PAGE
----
I absolutely adore Oscar Wilde, and this is one of just two works of his which I had not yet read.  The sense of place throughout this poetry collection is stunning, and his writing sublime.  I adore his use of language.  A wealth of subjects have been considered here – Milton, Nelson, Ancient Greece, death, nature, Scandinavian myths and legends, travelling, religion and history just to name a few.  Sadly, I did not quite fall in love with The Ballad of Reading Gaol enough for it to rank amongst my favourites, but it is still lovely.  My favourite poems were ‘The Harlot’s House’ and ‘Les Ballons’, which you can read below.

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Les Ballons

Against these turbid turquoise skies
The light and luminous balloons
Dip and drift like satin moons,
Drift like silken butterflies;

Reel with every windy gust,
Rise and reel like dancing girls,
Float like strange transparent pearls,
Fall and float like silver dust.

Now to the low leaves they cling,
Each with coy fantastic pose,
Each a petal of a rose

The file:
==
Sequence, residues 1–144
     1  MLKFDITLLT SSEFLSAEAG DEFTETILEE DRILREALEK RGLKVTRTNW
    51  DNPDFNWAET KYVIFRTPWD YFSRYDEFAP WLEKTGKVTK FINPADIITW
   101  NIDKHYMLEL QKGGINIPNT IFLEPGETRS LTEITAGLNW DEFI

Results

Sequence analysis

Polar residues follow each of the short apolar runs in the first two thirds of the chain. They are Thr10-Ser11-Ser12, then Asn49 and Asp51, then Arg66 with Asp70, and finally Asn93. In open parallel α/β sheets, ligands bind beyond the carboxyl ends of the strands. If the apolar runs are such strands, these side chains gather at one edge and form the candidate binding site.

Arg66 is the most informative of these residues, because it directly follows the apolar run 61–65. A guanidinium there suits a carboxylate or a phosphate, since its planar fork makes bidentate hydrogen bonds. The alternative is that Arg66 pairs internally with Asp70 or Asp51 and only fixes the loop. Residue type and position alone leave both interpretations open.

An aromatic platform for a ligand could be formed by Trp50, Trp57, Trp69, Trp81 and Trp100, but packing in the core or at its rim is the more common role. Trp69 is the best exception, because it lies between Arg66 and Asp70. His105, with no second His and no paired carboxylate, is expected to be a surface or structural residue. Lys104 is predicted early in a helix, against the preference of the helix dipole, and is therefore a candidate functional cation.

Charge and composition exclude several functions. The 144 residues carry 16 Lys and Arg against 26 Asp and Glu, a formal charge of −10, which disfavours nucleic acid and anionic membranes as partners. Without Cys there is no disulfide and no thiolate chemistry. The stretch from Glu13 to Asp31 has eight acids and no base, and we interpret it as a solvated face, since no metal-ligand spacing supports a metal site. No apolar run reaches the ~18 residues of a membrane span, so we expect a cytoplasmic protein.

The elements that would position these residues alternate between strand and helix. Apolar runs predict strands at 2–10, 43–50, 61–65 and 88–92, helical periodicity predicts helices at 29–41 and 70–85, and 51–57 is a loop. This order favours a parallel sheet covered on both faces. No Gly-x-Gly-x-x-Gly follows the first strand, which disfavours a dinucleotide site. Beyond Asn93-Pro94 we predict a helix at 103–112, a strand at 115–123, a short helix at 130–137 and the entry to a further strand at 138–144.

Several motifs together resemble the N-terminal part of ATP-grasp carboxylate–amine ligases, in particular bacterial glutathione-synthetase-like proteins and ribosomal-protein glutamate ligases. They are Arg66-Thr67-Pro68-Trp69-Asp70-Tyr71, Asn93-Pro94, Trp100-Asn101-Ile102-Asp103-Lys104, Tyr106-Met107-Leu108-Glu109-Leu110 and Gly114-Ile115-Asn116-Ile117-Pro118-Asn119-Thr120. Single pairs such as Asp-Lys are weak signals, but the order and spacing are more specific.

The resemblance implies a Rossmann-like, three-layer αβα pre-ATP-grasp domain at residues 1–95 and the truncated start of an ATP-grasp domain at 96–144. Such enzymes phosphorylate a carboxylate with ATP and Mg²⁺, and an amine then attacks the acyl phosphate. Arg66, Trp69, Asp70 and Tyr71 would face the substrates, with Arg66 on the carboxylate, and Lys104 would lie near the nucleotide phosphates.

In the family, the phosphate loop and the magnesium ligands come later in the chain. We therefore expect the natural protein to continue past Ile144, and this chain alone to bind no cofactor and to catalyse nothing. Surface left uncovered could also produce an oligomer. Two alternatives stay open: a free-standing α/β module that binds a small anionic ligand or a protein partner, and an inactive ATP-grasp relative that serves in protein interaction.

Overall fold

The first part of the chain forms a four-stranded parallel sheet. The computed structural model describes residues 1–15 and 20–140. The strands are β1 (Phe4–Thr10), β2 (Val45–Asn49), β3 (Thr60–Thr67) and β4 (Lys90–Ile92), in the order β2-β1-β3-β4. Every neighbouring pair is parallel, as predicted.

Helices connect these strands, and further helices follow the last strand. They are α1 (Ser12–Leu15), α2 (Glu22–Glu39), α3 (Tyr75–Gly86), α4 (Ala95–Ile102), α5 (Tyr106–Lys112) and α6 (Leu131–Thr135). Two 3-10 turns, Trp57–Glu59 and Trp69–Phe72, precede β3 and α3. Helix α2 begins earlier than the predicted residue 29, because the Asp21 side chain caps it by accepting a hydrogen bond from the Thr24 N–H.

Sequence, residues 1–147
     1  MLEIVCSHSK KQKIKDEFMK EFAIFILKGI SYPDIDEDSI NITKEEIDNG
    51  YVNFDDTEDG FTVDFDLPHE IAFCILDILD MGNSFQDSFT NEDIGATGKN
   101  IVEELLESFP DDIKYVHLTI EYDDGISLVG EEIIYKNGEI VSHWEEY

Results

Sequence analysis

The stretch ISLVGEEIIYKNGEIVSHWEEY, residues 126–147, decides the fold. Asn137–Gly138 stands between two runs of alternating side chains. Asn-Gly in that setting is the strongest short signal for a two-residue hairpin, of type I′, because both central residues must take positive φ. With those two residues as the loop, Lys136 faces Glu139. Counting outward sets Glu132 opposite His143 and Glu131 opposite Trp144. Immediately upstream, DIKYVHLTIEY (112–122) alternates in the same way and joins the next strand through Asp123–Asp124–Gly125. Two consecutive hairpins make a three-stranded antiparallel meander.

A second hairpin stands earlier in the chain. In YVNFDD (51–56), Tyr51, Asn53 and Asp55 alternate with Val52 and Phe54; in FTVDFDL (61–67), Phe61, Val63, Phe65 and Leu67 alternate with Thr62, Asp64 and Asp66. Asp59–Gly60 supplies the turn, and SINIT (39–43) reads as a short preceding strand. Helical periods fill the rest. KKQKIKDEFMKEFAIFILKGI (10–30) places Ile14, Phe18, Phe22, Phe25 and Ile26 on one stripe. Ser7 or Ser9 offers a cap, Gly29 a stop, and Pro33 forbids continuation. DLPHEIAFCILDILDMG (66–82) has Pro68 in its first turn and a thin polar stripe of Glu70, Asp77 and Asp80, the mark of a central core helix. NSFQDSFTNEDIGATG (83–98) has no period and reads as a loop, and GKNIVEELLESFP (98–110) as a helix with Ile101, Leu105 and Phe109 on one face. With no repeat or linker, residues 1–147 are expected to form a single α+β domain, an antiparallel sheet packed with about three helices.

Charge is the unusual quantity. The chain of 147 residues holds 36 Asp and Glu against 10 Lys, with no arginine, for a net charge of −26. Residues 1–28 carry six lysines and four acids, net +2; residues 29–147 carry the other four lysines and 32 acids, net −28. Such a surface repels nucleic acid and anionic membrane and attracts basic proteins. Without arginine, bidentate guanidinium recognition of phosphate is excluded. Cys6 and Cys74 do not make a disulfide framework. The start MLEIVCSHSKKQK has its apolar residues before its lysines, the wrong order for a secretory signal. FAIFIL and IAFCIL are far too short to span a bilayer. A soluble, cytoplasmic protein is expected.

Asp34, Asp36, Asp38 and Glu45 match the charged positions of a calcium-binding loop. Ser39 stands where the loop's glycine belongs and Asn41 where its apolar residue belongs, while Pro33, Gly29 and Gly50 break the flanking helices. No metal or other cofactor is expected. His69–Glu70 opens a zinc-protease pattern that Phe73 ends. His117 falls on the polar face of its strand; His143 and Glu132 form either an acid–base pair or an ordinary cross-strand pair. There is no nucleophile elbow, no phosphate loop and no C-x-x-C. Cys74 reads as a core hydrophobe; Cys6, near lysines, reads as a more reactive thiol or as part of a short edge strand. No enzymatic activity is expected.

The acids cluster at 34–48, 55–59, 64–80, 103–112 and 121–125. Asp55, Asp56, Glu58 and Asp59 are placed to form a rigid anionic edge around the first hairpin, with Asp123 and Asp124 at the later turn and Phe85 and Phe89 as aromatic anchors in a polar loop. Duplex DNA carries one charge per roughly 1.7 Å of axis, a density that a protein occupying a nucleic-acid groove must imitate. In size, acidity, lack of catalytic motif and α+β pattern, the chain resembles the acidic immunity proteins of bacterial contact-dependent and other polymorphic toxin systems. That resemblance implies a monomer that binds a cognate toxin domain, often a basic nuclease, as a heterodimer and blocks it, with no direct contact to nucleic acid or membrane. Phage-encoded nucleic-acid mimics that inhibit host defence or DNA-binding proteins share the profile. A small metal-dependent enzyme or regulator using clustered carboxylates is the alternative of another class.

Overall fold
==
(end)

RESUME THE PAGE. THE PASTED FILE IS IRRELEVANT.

Straining at a gossamer string.

Then to the tall trees they climb,
Like thin globes of amethyst,
Wandering opals keeping tryst
With the rubies of the lime.

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Sunday Snapshot: Classics

1. Jane Eyre by Charlotte Bronte
No classics list for me would be complete without Jane Eyre.  The story is a timeless one, and it resonates with

Jane Eyre

Jane Eyre (Photo credit: Valerie Reneé)

readers today as much as it ever has done.  Bronte’s writing is beautiful, and the characters and settings she crafts are marvellously lifelike.  Jane Eyre is at the peak of the classics list for me, and I’m sure I shall read it many more times in future.  It stands to reason that many film versions have been released of the book, and I feel that Bronte is as popular as she deserves to be.

2. Middlemarch by George Eliot
I studied English and History at University, and as George Eliot was a relatively local resident to the city, my Humanities building was named after her.  Middlemarch was the first of her novels which I read, and I was blown away by it.  The sense of place and time which she builds up is truly stunning, and I felt as though I was right beside the characters as they lived their lives.  As a social and political study of the 1800s, you cannot get much better than Middlemarch.